Alda'hirakam ghar Ara; Chapter 73

  • Tempest, Ciel’nn thought shivering while his heart beat heavily. The back of his throat ached as he warily tried to look at the sky. He hated to admit that he was afraid. He had hoped it wouldn’t come at all. Especially not knowing if it was an attempt on his life again, or if it was it something else altogether. I don’t know what to expect. The young mer wanted to hide and stay there until the the situation was over.

    The ground shook again. It had begun to feel that it wasn’t just a natural occurrence. No, this must be something else, Ciel’nn thought again.  He glanced at Teldryn. They were in it now. No escape from the island. Nowhere to go, but he’d have his partner.

    As if Teldryn sensed Ciel’nn’s distress, he stepped closer to his partner, to comfort him. “We should try to find the tent and then head back to the town.” He said in a raised tone.  It seemed the howling blizzard swallowed every sound. “Be watchful, daelha. We don’t know what may lurk in the storm.” His partner nodded, and the older mer could swear Ciel’nn swallowed deeply. “We’ll endure this, Ciel’nn.”

    A figure was standing not far from the two mer. It didn’t turn to face them however. It stood as it was indifferent to the storm. It was taller than them.

    They approached the figure, and Ciel’nn realized he had seen it before. From the Retching Netch Inn. It’s the Orc in ornate armor. What is he doing here? He thought as they began to circle around to avoid the armored warrior. The young mer didn’t know what would happen if the warrior decided to attack them. He hoped he didn’t.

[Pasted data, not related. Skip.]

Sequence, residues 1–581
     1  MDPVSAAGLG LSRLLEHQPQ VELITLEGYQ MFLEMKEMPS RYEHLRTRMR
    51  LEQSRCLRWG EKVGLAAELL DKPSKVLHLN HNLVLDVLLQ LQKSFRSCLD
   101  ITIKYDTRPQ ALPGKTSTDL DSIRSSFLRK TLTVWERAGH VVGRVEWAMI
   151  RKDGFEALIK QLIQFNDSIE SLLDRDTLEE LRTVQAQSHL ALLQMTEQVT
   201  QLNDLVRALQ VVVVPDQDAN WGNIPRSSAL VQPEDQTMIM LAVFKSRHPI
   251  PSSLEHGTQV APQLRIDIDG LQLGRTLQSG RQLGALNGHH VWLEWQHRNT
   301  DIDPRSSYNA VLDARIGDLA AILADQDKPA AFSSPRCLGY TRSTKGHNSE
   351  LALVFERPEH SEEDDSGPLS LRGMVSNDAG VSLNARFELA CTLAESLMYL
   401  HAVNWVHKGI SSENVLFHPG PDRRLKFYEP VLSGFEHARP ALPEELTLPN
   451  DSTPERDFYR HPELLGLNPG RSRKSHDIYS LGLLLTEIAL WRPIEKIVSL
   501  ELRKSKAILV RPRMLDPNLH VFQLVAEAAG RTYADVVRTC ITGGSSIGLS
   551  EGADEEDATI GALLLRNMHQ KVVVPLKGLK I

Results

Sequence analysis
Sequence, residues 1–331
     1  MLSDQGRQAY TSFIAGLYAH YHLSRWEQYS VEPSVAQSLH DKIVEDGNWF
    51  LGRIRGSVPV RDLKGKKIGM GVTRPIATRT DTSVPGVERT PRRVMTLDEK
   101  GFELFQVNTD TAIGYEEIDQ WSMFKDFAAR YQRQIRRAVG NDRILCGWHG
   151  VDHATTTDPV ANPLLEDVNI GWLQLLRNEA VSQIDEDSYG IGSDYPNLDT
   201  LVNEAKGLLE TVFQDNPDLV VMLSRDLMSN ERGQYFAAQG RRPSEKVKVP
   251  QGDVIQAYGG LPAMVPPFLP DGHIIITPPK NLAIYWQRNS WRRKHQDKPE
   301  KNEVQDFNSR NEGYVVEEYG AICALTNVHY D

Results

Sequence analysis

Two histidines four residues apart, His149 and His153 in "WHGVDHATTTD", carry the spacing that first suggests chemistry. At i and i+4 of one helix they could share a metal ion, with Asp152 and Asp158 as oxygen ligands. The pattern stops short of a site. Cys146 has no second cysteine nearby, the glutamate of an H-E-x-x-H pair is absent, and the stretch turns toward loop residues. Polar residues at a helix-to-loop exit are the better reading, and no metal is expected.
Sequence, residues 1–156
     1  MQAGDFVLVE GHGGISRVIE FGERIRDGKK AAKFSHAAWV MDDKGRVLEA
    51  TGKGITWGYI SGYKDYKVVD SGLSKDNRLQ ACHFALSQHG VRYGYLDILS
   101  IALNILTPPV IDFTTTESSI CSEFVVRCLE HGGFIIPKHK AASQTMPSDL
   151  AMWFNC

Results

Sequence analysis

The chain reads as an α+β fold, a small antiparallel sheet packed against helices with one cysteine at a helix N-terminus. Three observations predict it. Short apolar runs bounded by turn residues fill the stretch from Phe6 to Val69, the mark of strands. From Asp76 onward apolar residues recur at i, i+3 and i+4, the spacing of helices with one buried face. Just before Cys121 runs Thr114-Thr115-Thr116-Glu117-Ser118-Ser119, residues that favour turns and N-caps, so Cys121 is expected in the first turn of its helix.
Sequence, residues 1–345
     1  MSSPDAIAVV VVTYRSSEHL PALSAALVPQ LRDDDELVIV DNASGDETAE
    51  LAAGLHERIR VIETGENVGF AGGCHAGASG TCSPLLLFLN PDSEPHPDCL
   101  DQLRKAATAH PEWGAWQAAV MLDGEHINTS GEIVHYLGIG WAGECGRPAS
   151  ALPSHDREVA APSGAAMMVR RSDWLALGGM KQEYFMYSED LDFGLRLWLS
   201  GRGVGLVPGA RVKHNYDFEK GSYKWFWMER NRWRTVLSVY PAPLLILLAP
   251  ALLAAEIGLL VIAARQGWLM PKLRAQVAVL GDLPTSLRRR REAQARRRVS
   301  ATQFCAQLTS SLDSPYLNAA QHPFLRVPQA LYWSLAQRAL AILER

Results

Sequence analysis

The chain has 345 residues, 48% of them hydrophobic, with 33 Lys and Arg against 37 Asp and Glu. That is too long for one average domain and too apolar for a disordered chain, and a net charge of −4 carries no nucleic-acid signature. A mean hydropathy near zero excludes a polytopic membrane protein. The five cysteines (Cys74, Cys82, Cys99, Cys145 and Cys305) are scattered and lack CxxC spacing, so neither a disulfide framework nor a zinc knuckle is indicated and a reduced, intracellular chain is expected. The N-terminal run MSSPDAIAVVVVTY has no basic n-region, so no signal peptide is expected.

The armored warrior turned his head to look at them with a measuring look. He shifted, but didn’t move from his place. His battle axe was strapped on his back. The Orc sensed the young mer’s fear, although it wasn’t because of him. He narrowed his eyes and let out a grunt. “You’re not my quarry.”

    Ciel’nn stopped in his tracks and stared at the Orc. “What?” It was so sudden, and the last word felt ominous. The young mer almost clung to his partner.

    “Tusker, I’m waiting for someone else.” The armored warrior rumbled and looked away. “You’re not  them.” With that, he watched as the two mer continued on  their way. The young mer still turned his head to glance at him. The Orc grunted in amusement and continued his peering out the storm.

    Finding their tent turned out to be difficult task. With the constant ash storm now raging around them, Teldryn had no idea where they were. The visibility was changing unpredictably. The older mer sighed inside his helmet. “I suppose we’ll find a shelter for the night.” He looked to his partner, making sure Ciel’nn would stay close to him.